Tag Archives: Seattle

Yoga for Cyclists

On Sunday my father and I went to a “yoga for cyclists” seminar hosted by teacher Kelli Refer from The Grinning Yogi in Seattle. I do not cycle, but my retired father rides every day, about 100 miles a week, sometimes more.

One thing I know for sure- whatever you do, yoga makes you do it better. So, I dragged him to the seminar, thinking something catered to cyclists would be a better time for a somewhat inexperienced yogi.

It was a great seminar, it was obvious the girl leading it had spent much time and energy writing and illustrating a book of yoga poses and breathing techniques for a cyclist.

Everything was very appropriate for the typical cyclist- there were sequences for 2 minutes and 5 minutes. Modified half sun salutations, quads, heart openers, and hips were emphasized.

At the end I asked what two stretches would be the best to do. I couldn’t imagine my father in our garage busting out sun salutations. She decided on a modified ‘wing pose’ and a modified dancer’s pose. My very favorite stretch was a super intense quad stretch we did by placing our shin flush to the wall and bending the opposite knee.

We all left with a poster and information sheet to refer to.

Kelli’s official Yoga for Bikers blog is here.

Buy a copy of Pedal, Stretch, Breathe here.

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Refresh

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“Take a deep breath, release stress, please rest-
Be blessed by a heartbeat and the essence of these texts
Peace kept with what the deity left: respect
And let the breeze lead me in these steps, we set
to reach the peak lest we meet death, terrestrial – at the
Sweet behest of the celestial decree-yes
Repeat “yes” we defeat weakness
Deep breath, feel the steez in effect, and let the breeze refresh…”

Common Market

Namaste everyone! We’ve made it to Friday…

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inversions

Mick Jagger in Salamba Sarvangasana

Uttanita: to stretch or open your perspective by looking at something in a new way.

The simplest way for me to think of the benefits of inversions is to think of gravity. All day we walk around on our two feet, our hearts pumping blood upwards to our brain. It sounds like a lot of work. In college I would spend hours a day sitting in front of a computer and feel completely useless and stale after about 3pm. When we go upside in poses such as headstand, handstand, shoulder stand, down dog and plow, fresh oxygenated blood runs to our head and rejuvenates us. This weekend I took an inversions workshop at Haute Yoga Queen Anne and learned all about the benefits of turning your perspective upside down.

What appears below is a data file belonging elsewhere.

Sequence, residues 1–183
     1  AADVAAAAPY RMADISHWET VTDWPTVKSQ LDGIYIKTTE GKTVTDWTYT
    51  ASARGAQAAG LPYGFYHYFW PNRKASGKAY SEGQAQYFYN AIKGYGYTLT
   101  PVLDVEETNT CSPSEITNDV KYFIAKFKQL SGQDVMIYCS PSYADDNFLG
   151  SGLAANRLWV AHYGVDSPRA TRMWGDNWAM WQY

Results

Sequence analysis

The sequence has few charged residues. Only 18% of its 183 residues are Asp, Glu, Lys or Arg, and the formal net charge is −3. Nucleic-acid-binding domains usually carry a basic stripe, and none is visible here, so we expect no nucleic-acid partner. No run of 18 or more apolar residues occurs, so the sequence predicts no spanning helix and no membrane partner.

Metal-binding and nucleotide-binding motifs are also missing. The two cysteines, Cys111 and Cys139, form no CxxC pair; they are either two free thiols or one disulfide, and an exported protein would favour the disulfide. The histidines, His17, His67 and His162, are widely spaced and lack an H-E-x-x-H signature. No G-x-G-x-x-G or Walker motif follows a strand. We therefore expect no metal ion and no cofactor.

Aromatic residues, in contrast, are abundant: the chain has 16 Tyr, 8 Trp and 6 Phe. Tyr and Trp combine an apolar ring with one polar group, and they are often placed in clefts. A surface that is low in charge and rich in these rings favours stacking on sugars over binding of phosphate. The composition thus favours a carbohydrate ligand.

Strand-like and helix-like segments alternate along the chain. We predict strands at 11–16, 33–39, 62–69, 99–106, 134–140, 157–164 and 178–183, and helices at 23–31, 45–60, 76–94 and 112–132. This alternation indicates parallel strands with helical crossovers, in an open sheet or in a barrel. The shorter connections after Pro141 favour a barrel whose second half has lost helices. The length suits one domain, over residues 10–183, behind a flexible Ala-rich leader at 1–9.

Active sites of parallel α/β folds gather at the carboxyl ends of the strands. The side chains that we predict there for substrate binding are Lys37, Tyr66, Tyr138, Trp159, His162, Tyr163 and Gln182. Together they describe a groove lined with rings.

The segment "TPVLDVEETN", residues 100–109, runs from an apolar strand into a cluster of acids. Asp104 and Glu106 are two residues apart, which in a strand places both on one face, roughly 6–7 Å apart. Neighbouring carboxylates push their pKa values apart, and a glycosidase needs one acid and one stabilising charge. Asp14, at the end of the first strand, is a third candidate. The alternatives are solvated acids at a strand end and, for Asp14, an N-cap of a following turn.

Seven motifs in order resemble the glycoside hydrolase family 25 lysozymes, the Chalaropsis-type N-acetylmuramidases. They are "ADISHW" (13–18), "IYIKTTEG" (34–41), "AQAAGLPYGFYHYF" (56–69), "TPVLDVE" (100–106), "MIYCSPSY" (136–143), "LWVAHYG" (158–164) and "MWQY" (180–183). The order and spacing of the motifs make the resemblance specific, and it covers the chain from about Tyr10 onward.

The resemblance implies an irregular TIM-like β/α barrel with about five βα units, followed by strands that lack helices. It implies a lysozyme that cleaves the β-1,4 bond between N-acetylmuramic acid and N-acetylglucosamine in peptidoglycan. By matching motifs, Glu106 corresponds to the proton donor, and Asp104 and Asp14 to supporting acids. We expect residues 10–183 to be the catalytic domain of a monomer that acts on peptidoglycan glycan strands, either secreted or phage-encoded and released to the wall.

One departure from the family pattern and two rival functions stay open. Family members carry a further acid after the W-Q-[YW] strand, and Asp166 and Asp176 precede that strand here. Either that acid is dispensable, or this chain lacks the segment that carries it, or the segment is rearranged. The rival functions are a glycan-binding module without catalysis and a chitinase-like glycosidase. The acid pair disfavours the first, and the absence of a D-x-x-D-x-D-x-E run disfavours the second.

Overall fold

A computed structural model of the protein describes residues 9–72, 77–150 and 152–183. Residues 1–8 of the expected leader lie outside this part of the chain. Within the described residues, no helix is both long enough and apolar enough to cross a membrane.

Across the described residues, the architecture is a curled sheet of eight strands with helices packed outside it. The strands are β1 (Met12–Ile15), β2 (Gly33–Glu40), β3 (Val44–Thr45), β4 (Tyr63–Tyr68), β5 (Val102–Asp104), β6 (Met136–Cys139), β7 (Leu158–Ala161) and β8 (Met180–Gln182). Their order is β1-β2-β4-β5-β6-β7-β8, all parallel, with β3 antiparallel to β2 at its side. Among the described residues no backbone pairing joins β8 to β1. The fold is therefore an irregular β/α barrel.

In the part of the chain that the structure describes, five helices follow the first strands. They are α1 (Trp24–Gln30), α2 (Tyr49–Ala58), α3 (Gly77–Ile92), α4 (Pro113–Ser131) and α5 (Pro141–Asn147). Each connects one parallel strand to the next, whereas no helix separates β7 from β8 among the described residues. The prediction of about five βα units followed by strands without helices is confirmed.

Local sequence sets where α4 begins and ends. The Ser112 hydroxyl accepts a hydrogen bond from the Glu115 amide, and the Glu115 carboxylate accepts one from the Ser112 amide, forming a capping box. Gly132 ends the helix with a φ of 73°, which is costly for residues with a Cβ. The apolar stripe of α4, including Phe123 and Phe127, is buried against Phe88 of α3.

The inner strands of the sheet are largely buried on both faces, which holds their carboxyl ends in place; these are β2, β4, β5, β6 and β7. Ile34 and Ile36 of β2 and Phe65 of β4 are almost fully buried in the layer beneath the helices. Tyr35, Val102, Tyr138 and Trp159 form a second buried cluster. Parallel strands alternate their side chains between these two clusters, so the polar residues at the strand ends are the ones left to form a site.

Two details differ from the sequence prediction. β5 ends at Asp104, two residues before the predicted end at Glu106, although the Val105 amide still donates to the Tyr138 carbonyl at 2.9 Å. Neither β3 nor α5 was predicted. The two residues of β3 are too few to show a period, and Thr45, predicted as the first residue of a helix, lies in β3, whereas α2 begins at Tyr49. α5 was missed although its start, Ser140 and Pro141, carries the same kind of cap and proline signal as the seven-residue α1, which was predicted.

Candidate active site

My favorite benefits of inversions:

Can reduce shrinking. Most people will lose from 1/2 inch – 2 inches in height during their lifetime because of thinning discs. An active inversion program can help maintain more of your original height by keeping the discs in your spine supple. I am only 5’2″ I can’t afford to lose any of that.

Improve balance and body awareness. Inversion helps to develop balance awareness, which occurs when the upper regions of the inner ear are stimulated.

Strengthens the core.  Core strength is necessary to stabilize yourself upside down. Practicing inversions force you to engage your core so you don’t topple over, which gives you a six pack, which in turn makes you look like a bad ass. WIN.

Enhances ability to concentrate and remain focused. Inversions help increase oxygen flow to the brain, which consumes 25 percent of the body’s oxygen intake. Working on headstands and handstands builds up those focus and concentration muscles. My fear of falling in class keeps my focus in check in tri-pod headstand. Practicing focus and concentration on your mat will train your brain to stay engaged when it wants to wander.

TIPS-

  • Keep your core and ‘bandhas‘ strong to stay balanced. This will keep everything drawing to your centerline so you don’t look like a twizzler.
  • Breathe/meditate all of your nervous energy out so you aren’t over eager to kick in and out of balance. Do some sun salutations, smoke a joint, shake it out.
  • Use  a yoga buddy or wall to spot you so you don’t break your neck. Use a mirror: Come to three legged dog and look at your feet. If either are splayed or bowed, that’s the direction your leg will want to go in head/handstand. Practice with a straight line of energy from your head to your toe.
  • Think about where you are going. Don’t go on vacation to hawaii and bring a down jacket. Envision where your body wants to go in the pose and move there in a controlled, slow, observant way.
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